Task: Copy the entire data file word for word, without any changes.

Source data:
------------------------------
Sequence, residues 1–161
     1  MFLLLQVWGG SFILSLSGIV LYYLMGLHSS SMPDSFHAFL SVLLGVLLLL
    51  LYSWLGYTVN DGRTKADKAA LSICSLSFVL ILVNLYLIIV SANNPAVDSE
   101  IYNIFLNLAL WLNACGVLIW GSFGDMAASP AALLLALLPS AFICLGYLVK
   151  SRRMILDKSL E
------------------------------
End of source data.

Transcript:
Sequence, residues 1–161
     1  MFLLLQVWGG SFILSLSGIV LYYLMGLHSS SMPDSFHAFL SVLLGVLLLL
    51  LYSWLGYTVN DGRTKADKAA LSICSLSFVL ILVNLYLIIV SANNPAVDSE
   101  IYNIFLNLAL WLNACGVLIW GSFGDMAASP AALLLALLPS AFICLGYLVK
   151  SRRMILDKSL E